Wildcat strikes disrupt Toronto, Montreal Air Canada flights

Canada may use police after ground workers walk off job
|labour-reporter.com|Last Updated: 03/23/2012

(Reuters) — An unspecified number of Air Canada flights were either delayed or canceled on Friday after ground workers at airports in Toronto and Montreal staged wildcat strikes, the country's largest airline said on March 23.

UPDATE: Air Canada wildcat strike over: Union

In a brief statement on its website, Air Canada said an "illegal work action" by Air Canada's ground staff led to disruptions at both Toronto's Pearson International and Montreal's Trudeau International airports the morning of March 23.

The strike began in Toronto late on March 22 and spread to Montreal early the following day, according to local media reports.

A spokesman for the union representing the ground workers, the International Association of Machinists and Aerospace Workers, could not be reached immediately for comment.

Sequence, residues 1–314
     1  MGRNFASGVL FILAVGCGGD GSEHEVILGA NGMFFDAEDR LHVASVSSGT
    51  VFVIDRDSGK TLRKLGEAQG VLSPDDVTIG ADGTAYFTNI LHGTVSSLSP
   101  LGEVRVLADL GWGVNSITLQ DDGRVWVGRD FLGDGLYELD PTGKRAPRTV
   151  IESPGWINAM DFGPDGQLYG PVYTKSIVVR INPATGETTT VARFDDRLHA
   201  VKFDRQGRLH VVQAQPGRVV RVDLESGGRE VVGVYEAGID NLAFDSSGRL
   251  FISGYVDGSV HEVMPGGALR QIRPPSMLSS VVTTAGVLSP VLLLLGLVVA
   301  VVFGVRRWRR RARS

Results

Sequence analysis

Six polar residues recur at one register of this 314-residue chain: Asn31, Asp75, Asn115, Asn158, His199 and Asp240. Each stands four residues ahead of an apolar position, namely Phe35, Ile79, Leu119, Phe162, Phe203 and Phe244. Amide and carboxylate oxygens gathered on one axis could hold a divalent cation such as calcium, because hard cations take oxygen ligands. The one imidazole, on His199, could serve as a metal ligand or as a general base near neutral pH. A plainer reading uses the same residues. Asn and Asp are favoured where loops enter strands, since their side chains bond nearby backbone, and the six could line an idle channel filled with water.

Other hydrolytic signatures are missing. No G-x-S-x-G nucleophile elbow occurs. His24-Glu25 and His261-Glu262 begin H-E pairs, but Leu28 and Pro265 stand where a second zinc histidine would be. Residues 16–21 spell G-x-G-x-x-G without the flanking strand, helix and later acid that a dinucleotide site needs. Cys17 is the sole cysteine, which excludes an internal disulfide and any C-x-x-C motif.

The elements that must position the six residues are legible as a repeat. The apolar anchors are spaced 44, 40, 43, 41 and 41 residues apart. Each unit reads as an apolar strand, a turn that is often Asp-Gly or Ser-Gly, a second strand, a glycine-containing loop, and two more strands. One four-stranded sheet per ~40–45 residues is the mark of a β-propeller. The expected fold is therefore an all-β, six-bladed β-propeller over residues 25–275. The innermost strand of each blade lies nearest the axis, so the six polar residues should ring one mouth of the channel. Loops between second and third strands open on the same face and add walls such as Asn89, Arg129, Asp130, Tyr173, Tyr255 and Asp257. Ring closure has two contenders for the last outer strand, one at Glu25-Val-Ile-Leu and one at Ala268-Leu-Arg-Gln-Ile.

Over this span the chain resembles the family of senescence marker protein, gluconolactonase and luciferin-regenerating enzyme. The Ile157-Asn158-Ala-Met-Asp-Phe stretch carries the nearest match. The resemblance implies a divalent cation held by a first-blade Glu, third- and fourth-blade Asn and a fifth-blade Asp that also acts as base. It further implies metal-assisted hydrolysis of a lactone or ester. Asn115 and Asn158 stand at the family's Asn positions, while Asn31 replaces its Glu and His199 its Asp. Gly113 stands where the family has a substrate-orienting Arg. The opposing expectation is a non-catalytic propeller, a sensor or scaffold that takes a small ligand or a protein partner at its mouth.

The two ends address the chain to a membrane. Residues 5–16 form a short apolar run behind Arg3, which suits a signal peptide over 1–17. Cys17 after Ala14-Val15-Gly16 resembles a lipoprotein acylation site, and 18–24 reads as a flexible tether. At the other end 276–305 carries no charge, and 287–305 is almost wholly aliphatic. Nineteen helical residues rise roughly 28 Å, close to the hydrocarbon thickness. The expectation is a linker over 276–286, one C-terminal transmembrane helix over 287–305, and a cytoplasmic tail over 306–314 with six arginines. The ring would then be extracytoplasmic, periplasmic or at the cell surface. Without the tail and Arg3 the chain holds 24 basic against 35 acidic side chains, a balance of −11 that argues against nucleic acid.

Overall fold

The Toronto Star reported the strike began after three ground workers were suspended by the airline for clapping derisively at federal Labour Minister Lisa Raitt as she came through the Pearson airport on March 22.

Air Canada has been locked in a labour dispute with both its pilots and ground workers unions.

Earlier this month Raitt pushed through legislation that sent the two labour disputes to binding arbitration, preventing both a threatened strike by the airline's machinists, and lockout of pilots by the airline.

In addition, Raitt effectively blocked a strike or lockout by asking the Canada Industrial Relations Board (CIRB) to decide whether Air Canada is a service essential for Canadians' health and safety.

The Canadian government is prepared to use law enforcement agencies if necessary to deal with the wildcat strike, Raitt said.

"The government of Canada is opposed to this illegal strike action that is disrupting travel for Canadians. Law enforcement agencies have been contacted, and will be deployed if necessary," she said in a statement.

She added if the union's job action was later ruled by the CIRB to be an illegal strike, employees could face fines up to $1,000 a day, and the union up to $100,000 a day.

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